I’m back in the hotel now; it’s 3:30pm in Richmond but 9pm in Warsaw and I got maybe 2 hours of sleep last night, so I’m running on fumes. That said, it’s hard not to get amped up when you see what these agencies and people are doing. Let’s pick up towards the end of Day 1….
I tried my darndest to take good notes on my phone but they were hurling information at us so fast and furious that I just hope to do JAFI some justice in this post. In the very least, the JAFI volunteers we met were organized, passionate, kind, and wore cool jackets (I’m a swag connoisseur).
Their mission is to assist Jews in their desire to move to Israel — also called making Aliyah. JAFI had 5 centers throughout Easter Europe before February 24; there are
obviously more now. We met them at the Focus Hotel, where they’ve set up shop since February. They are currently filling 80% of the rooms with refugees, which is either 200 people or 200 families, I don’t remember. That is just one of JAFI’s centers. JAFI helps them get to the hotel and then works with them to ensure that they’re Jewish and then to travel to Israel. Then they help them assimilate into Israeli society. They’ve set up some rooms for “free shopping” where families can go in and pick out what they need — shoes, clothes, medicine, toys, etc. Here’s a picture of one of the rooms:
Families might stay at the hotel for what seemed like a week or two while plans are being made, so they need to keep the kids entertained and schooled. Here’s a video of JAFI keeping the kids occupied:
Other organizations are doing similar things, and we’ll see one of the JDC’s hotels tomorrow.
Some of the JAFI volunteers are from the States. Today we met Ana Sazonov, the Executive director of the Columbia, SC Jewish Federation. She was born in Ukraine and is taking time away from work to volunteer. I wrote a quote down that she said and then promptly erased it by accident, but she had a way of speaking that made things seem so simple and straightforward that all you could think was “wow, she nailed that” and then wonder why you didn’t think of it first. She said something like, “We can’t give you all the numbers of what we’ve done so far, nor do we know where this war is headed, but we know we have a lot more to do.”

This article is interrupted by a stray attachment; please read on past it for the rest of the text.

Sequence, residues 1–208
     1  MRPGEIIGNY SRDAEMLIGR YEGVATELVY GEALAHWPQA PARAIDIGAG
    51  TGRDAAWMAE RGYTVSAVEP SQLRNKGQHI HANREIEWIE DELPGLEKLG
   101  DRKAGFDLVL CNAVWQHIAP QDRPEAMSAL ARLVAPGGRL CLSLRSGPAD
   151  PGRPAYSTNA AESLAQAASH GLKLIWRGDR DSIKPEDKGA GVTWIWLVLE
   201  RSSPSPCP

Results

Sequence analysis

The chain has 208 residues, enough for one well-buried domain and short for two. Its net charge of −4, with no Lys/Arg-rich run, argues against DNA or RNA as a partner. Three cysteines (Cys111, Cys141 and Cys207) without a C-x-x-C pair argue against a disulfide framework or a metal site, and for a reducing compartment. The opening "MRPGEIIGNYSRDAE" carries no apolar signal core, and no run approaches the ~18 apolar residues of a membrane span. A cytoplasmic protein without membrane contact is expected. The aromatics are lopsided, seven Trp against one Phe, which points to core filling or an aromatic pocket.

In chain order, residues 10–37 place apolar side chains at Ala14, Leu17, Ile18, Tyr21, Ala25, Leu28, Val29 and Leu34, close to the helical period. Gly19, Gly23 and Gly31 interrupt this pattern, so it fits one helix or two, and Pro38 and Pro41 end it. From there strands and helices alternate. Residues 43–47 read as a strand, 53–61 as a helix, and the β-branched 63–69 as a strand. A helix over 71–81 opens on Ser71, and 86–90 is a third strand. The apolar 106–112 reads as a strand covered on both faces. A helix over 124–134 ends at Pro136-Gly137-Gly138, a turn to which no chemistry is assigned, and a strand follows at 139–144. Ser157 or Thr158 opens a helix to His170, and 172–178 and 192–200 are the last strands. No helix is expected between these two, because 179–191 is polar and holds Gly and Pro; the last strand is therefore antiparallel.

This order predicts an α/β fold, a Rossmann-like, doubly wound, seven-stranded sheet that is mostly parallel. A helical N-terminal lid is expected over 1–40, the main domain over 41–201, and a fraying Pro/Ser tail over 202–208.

There are some things that JAFI can quantify. In the last ~6 weeks, they helped 8,998 Jews from Ukraine make Aliyah, and there are 1,314 more waiting. They received almost 69,000 inquiries. One thing that seems almost lost is that the war has re-ignited Russian Jews, as 11,046 of them have applied to move to Israel. to do all this, JAFI has raised $41.3 million but needs $120 million.
We also met with refugees who each have their own story. One family’s town was overtaken by Russia and they were forced to go to Russia. They were not allowed to have phones, so they would sneak into the woods to make calls to family members who thought they were dead. The 19-yr old was searched for tattoos that might give him away as being in a “Ukraine gang” or whatever (he does not have tattoos). If they found the right tat, they would have killed him. The youngest, who seemed about 10, was miserable because he’d been forced to leave his dog behind. They wound through several counties and landed in Warsaw, and they’re headed to Israel on Thursday. This is one of the rare stories where the males age 18-60 leave the country.
I’m telling you, these are heart wrenching stories and every refugee has one.
We ended the night with an informal dinner and short speeches from the Israeli Ambassador to Poland, the Chief Rabbi of Poland, and the Executive Director of Hillel Warsaw. I’ll blog about that in my next post.